New discoveries of fossilised hominin remains have to varying degrees helped to shape our ever-morphing interpretation of hominin evolution. Homo naledi is a case in point.
Though many worker in the field of palaeoanthropology were disappointed with the confirmed Middle Pleistocene age of the Dinaledi remains, this news nevertheless fills a void in our understanding of Middle Pleistocene evolution.
H. naledi confirms what we have known since the astonishing discovery of Homo floresiensis, namely that small brained hominins continued to thrive in some part of the planet right up to recent times. H. naledi can now join Homo floresiensis in the small brain Middle to Late Pleistocene club.
Palaeoanthropologist can now exercise a high level of skepticism on dating hominin fossilised remains using morphological stucture and statistics. In 2015, palaeoanthropologist John Francis Thackeray concluded Homo naledi to be over 1.5 Ma, while Mana Dembo and her colleagues concluded an age of 930,000 years of age for the Rising Star remains. Though Dembo et al were closer to actual age of the remains, they were still nearly 600,000 years off.
Finally, H. naledi continues to confirm what we have known since the announcement of Australopithecus sediba that hominin evolution features an ever changing mosasicism. With Australopithecine-like shoulders and cranium, while the lower limbs and foot appears more derived.
John Hawks discusses the latest news on the Rising Star Project:
Africa’s richest fossil hominin site has revealed more of its treasure. It’s been a year and a half since scientists announced that a new hominin species, which they called Homo naledi, had been discovered in the Rising Star Cave outside Johannesburg.
Now they say they have established and published the age of the original naledi fossils that garnered global headlines in 2015. Homo naledi lived sometime between 335 and 236 thousand years ago, making it relatively young.
They’ve also announced the discovery of a second chamber in the Rising Star cave system, which contained additional Homo naledi specimens. These include a child and the partial skeleton of an adult male with a well-preserved skull. They have named the skeleton “Neo” – a Sesotho word meaning “a gift”.
The Conversation Africa’s Science Editor Natasha Joseph asked Professor John Hawks, a member of the team, to explain the story behind these finds.
To an ordinary person, 236 000 years is a very long time ago. Why does the team suggest that in fact, Homo naledi is a “young” species?
The course of human evolution has taken the last seven million years since our ancestors diverged from those of chimpanzees and bonobos. The first two-thirds of that long history, called australopiths, were apelike creatures who developed the trick of walking upright on two legs.
Around two million years ago some varieties of hominins took the first real steps in a human direction. They’re the earliest clear members of our genus, Homo, and belong to species like Homo habilis, Homo erectus and Homo rudolfensis.
Homo naledi looks in many ways like these first members of Homo. It’s even more primitive than these species in many ways, and has a smaller brain than any of them. People outside our team who have studied the fossils mostly thought they should be around the same age. A few had the radical idea that H. naledi might have lived more recently, maybe around 900,000 years ago.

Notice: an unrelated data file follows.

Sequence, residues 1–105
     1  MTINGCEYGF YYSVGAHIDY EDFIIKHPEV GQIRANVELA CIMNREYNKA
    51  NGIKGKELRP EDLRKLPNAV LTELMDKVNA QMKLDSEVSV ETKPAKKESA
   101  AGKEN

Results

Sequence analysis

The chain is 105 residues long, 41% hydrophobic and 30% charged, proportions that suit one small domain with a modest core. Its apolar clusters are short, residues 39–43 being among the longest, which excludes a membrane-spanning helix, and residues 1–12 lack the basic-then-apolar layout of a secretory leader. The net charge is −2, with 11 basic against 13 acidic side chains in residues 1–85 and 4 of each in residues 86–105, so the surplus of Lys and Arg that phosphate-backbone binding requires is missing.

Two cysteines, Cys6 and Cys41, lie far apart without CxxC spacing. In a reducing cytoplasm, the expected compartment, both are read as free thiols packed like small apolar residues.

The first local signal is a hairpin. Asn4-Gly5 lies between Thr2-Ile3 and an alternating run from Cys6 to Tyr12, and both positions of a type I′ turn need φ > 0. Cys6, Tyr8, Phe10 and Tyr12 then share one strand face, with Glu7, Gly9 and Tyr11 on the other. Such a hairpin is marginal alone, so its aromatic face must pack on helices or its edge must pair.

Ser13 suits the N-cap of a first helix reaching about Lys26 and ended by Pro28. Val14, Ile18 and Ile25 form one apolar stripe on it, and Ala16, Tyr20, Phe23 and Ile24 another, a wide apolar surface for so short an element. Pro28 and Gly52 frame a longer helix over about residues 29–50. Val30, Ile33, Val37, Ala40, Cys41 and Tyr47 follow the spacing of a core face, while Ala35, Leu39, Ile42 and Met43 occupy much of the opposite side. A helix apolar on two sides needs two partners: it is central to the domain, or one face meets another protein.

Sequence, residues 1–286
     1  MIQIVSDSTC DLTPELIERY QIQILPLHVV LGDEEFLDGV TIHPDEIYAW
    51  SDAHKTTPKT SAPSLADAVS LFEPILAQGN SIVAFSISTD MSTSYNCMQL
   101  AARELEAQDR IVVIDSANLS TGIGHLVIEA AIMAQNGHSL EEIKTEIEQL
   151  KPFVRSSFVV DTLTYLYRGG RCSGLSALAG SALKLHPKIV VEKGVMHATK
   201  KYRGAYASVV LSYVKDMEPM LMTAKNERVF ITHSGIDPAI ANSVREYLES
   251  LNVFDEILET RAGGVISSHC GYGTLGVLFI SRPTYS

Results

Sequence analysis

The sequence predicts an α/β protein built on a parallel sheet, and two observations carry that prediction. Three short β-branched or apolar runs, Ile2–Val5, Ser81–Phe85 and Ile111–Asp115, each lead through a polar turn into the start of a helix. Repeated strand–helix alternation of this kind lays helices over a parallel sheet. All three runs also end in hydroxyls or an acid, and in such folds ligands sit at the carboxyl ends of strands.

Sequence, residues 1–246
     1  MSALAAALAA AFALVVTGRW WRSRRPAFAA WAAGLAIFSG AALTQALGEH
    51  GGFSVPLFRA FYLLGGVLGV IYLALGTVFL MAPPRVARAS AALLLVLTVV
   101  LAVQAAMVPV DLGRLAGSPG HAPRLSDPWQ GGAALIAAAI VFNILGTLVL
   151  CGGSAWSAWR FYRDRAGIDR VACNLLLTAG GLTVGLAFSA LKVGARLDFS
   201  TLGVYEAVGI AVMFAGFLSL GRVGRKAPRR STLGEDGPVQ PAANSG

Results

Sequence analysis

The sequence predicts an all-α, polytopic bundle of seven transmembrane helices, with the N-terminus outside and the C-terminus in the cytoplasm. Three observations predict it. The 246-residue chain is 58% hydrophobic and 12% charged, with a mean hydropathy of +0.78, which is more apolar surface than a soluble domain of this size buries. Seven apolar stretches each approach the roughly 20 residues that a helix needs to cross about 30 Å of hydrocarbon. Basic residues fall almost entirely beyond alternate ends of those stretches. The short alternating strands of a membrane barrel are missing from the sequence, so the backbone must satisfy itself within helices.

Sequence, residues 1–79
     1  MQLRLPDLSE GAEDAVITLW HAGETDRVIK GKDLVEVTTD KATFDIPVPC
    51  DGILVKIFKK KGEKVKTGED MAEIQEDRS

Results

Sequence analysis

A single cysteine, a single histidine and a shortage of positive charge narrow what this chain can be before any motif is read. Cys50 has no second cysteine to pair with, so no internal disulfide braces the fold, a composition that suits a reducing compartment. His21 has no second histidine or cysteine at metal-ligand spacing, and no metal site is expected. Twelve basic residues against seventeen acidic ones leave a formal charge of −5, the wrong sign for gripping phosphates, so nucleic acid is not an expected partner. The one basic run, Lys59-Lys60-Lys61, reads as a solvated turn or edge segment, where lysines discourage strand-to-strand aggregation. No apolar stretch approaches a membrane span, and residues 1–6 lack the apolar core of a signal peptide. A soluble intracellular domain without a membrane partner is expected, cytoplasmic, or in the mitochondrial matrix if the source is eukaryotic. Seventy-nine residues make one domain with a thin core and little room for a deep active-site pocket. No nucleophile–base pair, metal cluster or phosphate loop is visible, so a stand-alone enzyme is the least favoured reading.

Nobody thought that these fossils could actually have come from the same recent time interval when modern humans were evolving, a mere 236 to 335 thousand years ago.
How do you figure out a fossil’s age?
We applied six different methods. The most valuable of these were electron spin resonance (ESR) dating, and uranium-thorium (U-Th) dating. ESR relies on the fact that teeth contain tiny crystals, and the electron energy in these crystals is affected by natural radiation in the ground over long periods of time after fossils are buried.
U-Th relies on the fact that water drips into caves and forms layers of calcite, which contain traces of uranium. The radioactive fraction of uranium decays into thorium slowly over time. So the proportion of thorium compared to uranium gives an estimate of the time since the calcite layers formed. One of these calcite deposits, called a flowstone, formed above the H. naledi fossils in the Dinaledi Chamber. That flowstone helps to establish the minimum age: the fossils must be older than the flowstone above them.
For these two methods, our team engaged two separate labs and asked them to process and analyse samples without talking to each other. Their processes produced the same results. This gives us great confidence that the results are reliable.
What does the discovery of Homo naledi’s age mean for our understanding of human history and evolution?
For at least the past 100 years, anthropologists have assumed that most of the evolution of Homo was a story of progress: brains got bigger over time, technology became more sophisticated and teeth got smaller as people relied more upon cleverness to get better food and prepare it by cooking.
We thought that once culture really got started, our evolution was driven by a feedback loop – better food allowed bigger brains, more clever adaptations, more sophisticated communication. That enabled better technology, which yielded more food, and so on like a snowball rolling downhill.